Bhutan2022-05-05T19:29:04+02:00

Bhutan

The Kingdom of Happiness

Facts and Figures

Capital: Thimphu
King:
Jigme Khesar Namgyel Wangchuck
Form of State:
Unified Republic, Constitutional Monarchy, Parliamentary System of Government
Currencies: Ngultrum, Indian Rupee
Official language: Dzongkha
Area: 38,394 km2
Population: 733,643
 

Climate

Depending on where you are and at what altitude you are, the climate varies. In higher regions like Thimphu & Paro between 2,500 and 2,800m there is also frost in winter. In autumn it can be quite cool to very cold after sunset at these heights. Then you need a wind/fleece jacket. In lower regions, however, it is more pleasant and hot in summer.

In the south of Bhutan, you can expect tropical temperatures and high humidity in summer. On trekking tours in the high mountains you need a down jacket even in autumn.

Best time to travel

The most popular times of travel are autumn and spring. But actually for those who do not mind having some bit colder evening, winter is a good option.

For winter there are a couple good reasons:

– Off-season prices are by far more reasonable
– The view in the mountains is great
– Less tourists travel in winter time

Winter: December to February

The nights can get a bit frosty – depending on the elevation. But on daytime you can expect sun and sometimes even more than 20 degrees Celsius. It rarely snows down to the valleys. Winter is a good time for hikings and cycling.

Spring: March to May

Those who love nature and flora will love travelling to Bhutan in spring. Everything is in blossom: Rhododendron, Edelweiss, apple- and pear-trees. It is warm and moist, and sometimes it can be foggy. During spring time several festivals are held, which many travellers attend.

Summer: June to August

Everything is deep green and fertile. It is moist and hot, and it rains a lot. This is why not many people visit Bhutan in summer – but on the other hand the prices are much lower during that season and you will be treated like a king/queen.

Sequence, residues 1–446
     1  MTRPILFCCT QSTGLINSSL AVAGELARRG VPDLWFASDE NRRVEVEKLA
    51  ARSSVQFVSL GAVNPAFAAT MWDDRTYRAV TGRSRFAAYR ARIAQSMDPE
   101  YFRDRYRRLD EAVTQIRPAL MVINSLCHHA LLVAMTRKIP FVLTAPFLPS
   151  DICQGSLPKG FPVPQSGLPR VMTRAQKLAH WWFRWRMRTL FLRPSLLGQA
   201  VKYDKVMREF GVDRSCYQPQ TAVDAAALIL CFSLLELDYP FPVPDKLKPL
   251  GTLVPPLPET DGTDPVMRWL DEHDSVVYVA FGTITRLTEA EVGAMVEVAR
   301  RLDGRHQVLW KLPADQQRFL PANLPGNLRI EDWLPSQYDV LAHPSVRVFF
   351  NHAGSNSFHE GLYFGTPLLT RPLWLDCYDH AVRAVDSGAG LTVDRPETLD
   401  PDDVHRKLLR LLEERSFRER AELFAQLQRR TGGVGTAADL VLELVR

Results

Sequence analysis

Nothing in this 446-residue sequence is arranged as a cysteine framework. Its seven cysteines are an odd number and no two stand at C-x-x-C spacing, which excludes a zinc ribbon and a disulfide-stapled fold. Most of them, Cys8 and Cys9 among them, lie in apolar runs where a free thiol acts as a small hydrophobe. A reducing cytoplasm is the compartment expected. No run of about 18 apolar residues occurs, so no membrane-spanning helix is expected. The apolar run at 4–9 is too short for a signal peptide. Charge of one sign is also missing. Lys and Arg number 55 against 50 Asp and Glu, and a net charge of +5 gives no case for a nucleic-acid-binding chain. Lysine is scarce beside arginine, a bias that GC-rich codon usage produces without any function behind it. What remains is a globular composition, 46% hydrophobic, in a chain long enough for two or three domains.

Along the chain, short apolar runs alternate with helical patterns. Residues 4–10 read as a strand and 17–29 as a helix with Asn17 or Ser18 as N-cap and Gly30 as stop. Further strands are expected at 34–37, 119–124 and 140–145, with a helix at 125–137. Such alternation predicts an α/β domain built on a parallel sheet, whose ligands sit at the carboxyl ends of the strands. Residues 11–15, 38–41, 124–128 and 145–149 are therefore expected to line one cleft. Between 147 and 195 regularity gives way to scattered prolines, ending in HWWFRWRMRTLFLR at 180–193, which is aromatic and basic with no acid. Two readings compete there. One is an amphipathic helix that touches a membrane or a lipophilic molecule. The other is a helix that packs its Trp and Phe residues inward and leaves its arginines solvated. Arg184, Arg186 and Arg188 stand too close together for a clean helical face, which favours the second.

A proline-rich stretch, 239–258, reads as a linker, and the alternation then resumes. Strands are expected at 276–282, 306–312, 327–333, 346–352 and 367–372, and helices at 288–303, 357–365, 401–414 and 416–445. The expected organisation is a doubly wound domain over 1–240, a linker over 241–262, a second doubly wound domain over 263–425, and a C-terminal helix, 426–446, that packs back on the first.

Autumn: September to November

The sky becomes clearer and less rainfalls occur. During autumn a lot of festivals are held, which draws many visitors to Bhutan. Whoever wants to travel to Bhutan in autumn has to hurry – there are only limited seats on the planes and hotels are sold out quickly.

What’s there to do in Bhutan?

Bhutan is extremely diverse, when it comes to activities. You can dive deep into the culture and history of the country, encounter wild animals and explore the botanical diversity. You can get to know more about the people of Bhutan by living in their homes, or you can challenge yourself during nice dayhikes and more or less challenging trekking tours.

Beautiful dayhikes: The classic from Paro to the monastery Taktsang, the walks to Jele Dzong or Chele La from Paro, from Thimphu up to the monastery Phajoding, hiking from the 108 chorten at the Dochu La to the monastery Lhunchuzekha, walk from Thimphu to Wangdue, from there to Phobjika … there are actually so many nice daywalks, we can easily make you a long trip with daily hikes. At the same time you will have the chance to sleep in a comfortable hotel every night.

A journey through Bhutan in picutres

Nature, Culture, People & Animals

Blog Posts about Bhutan

What to expect when visiting a family home in Bhutan

When visiting a family home in Bhutan By Ulrike Čokl Ulli has lived in Bhutan on and off for many years. She has conducted ethnographic research on traditional hospitality practices, travelling & gift-exchange in rural communities. Thus she is very familiar with village livelihoods all over the little kingdom. She loves developing unique itineraries that offer a glimpse into the [...]

Why traveling to Bhutan is regulated by a tariff

By Ulrike Čokl Ulli has lived in Bhutan on and off for many years. She has conducted ethnographic research on traditional hospitality practices, travelling & gift-exchange in rural communities. Thus she is very familiar with village livelihoods all over the little kingdom. She loves developing unique itineraries that offer a glimpse into the rich cultural traditions and practices of Bhutanese [...]

Why the East of Bhutan is a Hidden Gem for Travelers

Why the East of Bhutan is a “Hidden Gem” for Travelers By Ulrike Čokl Ulli has lived in Bhutan on and off for many years. She has conducted ethnographic research on traditional hospitality practices, travelling & gift-exchange in rural communities. Thus she is very familiar with village livelihoods all over the little kingdom. She loves developing unique itineraries that offer [...]

Go to Top